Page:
The culprit was creeping thistle: acres upon acres of it, 3ft-high, engulfing the Repton park around the 200-year-old castle and swathes of our West Sussex estate. Where, less than a decade earlier, there had been fields of barley, maize and wheat, now we had scenes from The Day of the Triffids. A pioneer of disturbed ground, the ‘cursed thistle’ can colonise at breathtaking speed. It breeds clonally and sends down deep but brittle tap-roots which, as any gardener knows, can regenerate from the tiniest fragment. Concerned the invasion might derail the whole project, Charlie was, reluctantly, considering reaching for the slashers and the herbicide.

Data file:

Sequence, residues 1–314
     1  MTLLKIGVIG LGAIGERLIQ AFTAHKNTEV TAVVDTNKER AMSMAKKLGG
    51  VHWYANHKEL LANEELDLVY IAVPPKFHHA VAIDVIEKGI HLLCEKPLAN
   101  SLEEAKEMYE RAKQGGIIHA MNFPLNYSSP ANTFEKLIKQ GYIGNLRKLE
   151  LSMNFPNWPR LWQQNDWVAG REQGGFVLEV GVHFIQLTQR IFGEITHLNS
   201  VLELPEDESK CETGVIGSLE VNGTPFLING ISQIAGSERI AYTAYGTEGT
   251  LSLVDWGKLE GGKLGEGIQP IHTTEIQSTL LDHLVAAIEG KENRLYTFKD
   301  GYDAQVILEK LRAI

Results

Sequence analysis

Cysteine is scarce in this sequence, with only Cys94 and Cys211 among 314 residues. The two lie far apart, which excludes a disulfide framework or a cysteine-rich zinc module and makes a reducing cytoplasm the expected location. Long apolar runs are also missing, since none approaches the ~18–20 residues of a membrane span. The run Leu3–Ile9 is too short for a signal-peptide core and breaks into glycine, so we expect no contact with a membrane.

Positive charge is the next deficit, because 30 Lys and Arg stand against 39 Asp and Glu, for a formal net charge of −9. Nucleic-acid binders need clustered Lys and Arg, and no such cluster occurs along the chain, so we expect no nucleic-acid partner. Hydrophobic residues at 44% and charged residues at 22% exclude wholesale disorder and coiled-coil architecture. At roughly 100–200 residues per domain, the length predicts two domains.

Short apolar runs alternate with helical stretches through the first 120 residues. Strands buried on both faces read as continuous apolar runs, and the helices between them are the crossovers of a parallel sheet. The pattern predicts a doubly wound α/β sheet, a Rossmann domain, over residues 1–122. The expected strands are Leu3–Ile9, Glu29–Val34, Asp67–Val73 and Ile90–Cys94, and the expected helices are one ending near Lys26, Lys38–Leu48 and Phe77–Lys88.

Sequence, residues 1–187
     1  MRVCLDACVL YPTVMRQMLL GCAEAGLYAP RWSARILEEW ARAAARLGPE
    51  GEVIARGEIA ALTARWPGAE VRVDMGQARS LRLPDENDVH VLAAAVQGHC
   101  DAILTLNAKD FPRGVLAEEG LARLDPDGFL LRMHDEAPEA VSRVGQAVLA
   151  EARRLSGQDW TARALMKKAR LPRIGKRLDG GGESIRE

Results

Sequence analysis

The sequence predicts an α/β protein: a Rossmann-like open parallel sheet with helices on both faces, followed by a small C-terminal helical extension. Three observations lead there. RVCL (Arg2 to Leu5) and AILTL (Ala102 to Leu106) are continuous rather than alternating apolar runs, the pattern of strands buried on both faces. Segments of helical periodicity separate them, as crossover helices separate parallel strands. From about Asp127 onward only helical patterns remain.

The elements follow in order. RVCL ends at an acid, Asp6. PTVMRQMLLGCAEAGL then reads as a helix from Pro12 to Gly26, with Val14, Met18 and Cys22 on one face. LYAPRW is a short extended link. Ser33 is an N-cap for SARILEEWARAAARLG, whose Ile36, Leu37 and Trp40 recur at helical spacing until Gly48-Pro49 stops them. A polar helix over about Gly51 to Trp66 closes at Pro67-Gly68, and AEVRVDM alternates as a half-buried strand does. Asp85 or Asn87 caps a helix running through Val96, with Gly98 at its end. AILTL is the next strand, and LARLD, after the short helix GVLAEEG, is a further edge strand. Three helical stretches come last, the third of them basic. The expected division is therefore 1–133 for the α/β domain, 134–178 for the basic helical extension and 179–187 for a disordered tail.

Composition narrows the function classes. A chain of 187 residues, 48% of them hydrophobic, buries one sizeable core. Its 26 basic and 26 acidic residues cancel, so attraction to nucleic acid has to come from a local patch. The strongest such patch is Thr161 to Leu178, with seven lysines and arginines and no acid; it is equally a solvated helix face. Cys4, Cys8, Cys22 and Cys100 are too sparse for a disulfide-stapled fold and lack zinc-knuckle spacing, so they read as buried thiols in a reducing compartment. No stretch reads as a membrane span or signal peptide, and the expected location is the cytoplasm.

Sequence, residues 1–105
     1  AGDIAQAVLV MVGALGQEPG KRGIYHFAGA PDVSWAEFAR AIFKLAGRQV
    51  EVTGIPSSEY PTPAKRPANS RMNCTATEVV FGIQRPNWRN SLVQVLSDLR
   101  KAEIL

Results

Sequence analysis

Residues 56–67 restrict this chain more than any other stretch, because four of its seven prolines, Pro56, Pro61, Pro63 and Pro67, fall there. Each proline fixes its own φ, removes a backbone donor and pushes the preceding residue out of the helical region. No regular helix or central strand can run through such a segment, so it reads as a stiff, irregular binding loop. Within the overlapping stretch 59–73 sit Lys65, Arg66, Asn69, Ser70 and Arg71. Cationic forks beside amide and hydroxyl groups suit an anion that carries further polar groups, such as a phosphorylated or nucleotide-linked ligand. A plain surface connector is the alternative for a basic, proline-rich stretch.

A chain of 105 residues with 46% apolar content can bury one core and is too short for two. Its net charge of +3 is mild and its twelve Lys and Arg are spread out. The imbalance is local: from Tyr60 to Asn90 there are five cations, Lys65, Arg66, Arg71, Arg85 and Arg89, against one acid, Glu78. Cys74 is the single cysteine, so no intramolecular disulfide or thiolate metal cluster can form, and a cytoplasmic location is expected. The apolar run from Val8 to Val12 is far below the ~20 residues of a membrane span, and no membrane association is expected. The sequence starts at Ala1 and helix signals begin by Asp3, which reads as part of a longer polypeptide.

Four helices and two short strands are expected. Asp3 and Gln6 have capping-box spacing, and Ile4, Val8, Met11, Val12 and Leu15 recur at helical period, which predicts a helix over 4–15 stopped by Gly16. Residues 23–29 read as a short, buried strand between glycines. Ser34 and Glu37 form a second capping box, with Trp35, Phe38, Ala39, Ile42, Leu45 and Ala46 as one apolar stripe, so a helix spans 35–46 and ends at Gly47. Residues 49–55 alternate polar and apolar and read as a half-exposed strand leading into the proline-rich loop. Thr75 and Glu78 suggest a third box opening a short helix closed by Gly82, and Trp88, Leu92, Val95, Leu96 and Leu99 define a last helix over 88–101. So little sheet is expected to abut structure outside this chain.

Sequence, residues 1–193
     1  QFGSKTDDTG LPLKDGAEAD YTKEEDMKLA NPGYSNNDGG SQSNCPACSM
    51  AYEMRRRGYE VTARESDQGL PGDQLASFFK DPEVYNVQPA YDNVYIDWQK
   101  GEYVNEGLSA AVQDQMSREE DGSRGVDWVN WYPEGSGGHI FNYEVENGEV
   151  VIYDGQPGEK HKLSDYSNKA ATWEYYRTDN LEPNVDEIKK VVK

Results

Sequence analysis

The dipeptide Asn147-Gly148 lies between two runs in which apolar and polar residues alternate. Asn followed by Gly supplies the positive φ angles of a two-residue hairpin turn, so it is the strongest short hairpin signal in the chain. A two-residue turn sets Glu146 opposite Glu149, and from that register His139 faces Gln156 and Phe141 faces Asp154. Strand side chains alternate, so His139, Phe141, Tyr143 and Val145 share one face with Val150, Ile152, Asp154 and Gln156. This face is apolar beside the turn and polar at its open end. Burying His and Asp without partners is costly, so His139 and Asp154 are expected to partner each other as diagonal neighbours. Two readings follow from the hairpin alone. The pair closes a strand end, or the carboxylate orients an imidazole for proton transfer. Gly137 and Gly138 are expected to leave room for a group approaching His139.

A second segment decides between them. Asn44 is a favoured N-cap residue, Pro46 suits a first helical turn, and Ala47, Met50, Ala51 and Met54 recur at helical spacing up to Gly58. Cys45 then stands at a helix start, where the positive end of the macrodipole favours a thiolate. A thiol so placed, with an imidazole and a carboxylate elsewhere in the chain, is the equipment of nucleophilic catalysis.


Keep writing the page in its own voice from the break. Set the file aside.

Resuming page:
Giving up farming had been a difficult decision. Farming is in Charlie’s family’s DNA, fortified with patriotic fervour from the days of Dig for Victory in WW2. But, on desperately poor soil – 300 metres of heavy clay – our arable and dairy business rarely made a profit. When Charlie inherited the estate, just 45 miles from central London, from his grandparents in the 1980s, it was losing money hand over fist. At the age of 23, Charlie applied what he’d learnt at agricultural college to try and turn its fortunes around: bigger machinery, new varieties of crops, state-of-the-art milking parlours, and liberally spraying with the latest fertilisers and pesticides. Nothing, though, could make our soil competitive. After seventeen years of losses we had worked up an eye-watering overdraft. By 2000 it seemed there was no alternative but to break with family tradition and find another way of managing the land.